So this past Sunday, I journeyed to the hallowed halls of the House of Blues Hollywood to - finally! - see The Darkness live. My parents were in town visiting for the long holiday weekend, so my brother and I had to ditch them for the night in order to fulfill our unholy duty and worship at the altar of rock and roll. Now, I had been to the House of Blues before but never for a concert. In many ways, it's a great venue - great atmosphere, a cool setup with a balcony circling the main stage, and decent visibility from most angles. The one downside is just that it's a standing room only venue and it got absolutely *packed* once The Darkness took the stage, as people flooded into the lower stage area where we had staked out a spot. So yeah, there were some uncomfortable moments where we were completely sandwiched by the people in front of us and behind us. Ultimately, though, it was awesome being part of such an energetic, packed house that was electric with excitement over the long-awaited return of The Darkness. And who knows, maybe one day I'll get to see the band in a huge arena. They've got plenty of stadium-friendly rock anthems, that's for sure.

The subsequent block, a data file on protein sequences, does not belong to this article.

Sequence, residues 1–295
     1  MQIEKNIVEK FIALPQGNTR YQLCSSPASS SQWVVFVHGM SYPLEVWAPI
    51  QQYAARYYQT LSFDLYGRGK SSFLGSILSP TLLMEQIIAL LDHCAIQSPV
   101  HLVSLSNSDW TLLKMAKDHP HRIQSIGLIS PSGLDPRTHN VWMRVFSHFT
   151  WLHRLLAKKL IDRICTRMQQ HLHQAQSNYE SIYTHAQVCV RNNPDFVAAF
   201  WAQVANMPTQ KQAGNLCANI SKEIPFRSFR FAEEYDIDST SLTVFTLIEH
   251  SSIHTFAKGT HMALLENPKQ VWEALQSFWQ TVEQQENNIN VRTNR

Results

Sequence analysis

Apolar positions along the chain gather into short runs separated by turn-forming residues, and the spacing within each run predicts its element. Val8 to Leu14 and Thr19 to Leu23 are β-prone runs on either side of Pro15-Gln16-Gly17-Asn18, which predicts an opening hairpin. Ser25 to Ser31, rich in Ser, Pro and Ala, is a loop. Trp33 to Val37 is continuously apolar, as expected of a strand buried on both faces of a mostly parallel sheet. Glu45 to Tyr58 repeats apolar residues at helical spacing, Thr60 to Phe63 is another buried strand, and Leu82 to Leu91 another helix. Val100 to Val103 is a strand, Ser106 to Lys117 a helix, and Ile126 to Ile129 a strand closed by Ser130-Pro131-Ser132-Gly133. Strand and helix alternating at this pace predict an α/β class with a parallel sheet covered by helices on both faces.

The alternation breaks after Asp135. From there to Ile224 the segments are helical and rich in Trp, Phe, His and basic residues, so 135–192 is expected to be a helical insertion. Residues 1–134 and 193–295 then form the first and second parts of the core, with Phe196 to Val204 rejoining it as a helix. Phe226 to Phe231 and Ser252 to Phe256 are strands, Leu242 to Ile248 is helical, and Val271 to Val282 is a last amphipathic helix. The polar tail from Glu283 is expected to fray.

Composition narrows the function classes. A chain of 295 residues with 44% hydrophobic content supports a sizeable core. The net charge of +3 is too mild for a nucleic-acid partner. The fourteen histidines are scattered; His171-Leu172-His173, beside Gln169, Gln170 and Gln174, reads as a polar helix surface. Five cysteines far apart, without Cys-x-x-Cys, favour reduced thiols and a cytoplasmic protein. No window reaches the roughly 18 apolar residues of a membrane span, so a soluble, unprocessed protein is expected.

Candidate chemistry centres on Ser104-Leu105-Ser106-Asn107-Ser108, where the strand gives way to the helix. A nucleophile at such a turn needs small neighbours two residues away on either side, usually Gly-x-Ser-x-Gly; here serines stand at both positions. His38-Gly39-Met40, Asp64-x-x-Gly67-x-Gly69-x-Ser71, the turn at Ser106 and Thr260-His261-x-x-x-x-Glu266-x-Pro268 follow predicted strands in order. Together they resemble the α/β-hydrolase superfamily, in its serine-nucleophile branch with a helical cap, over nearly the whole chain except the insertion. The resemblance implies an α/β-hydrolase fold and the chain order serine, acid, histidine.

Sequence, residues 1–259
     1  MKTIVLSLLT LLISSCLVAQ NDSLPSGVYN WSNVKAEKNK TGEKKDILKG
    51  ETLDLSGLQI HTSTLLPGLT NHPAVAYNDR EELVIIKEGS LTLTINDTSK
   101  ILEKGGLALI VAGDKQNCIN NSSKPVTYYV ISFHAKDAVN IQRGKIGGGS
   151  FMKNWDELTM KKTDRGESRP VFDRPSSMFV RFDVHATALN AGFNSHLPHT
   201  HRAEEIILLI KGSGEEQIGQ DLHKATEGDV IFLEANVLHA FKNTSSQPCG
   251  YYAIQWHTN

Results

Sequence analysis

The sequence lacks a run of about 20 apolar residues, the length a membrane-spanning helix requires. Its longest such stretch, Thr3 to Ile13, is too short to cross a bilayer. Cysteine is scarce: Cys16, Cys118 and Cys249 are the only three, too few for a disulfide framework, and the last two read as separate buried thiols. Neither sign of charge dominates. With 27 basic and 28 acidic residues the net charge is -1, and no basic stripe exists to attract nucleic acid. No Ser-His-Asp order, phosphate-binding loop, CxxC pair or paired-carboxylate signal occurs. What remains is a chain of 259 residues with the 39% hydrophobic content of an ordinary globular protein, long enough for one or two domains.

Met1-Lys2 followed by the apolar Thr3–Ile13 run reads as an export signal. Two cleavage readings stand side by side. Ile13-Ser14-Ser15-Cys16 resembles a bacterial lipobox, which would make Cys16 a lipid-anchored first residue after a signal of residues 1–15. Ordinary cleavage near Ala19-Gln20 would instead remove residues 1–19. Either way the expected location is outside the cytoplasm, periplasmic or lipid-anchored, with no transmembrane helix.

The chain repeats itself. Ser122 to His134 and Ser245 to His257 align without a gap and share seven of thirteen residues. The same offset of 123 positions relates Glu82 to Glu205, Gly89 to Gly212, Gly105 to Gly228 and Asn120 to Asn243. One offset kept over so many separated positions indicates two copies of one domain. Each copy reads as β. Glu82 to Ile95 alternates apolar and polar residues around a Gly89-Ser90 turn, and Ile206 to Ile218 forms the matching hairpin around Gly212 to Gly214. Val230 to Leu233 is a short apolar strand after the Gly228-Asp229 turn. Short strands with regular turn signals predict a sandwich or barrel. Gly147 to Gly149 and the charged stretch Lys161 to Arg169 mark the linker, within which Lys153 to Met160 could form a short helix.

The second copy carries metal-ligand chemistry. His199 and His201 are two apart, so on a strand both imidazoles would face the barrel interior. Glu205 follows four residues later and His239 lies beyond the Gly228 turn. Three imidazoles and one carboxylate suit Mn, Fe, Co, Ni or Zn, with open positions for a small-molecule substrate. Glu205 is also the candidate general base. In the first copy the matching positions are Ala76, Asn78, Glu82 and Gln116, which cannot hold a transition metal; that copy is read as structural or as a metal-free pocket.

Anyways, the show opened with a band called Crown Jewel Defense that was pretty decent. They seemed like a bunch of guys who really, really loved 80's rock and decided to do a tribute band of sorts. They could shred pretty hard, and the singer had a melodic growl of a voice that reminded me of the singer from Faith No More. They just needed some catchier songs and a bit more stage presence.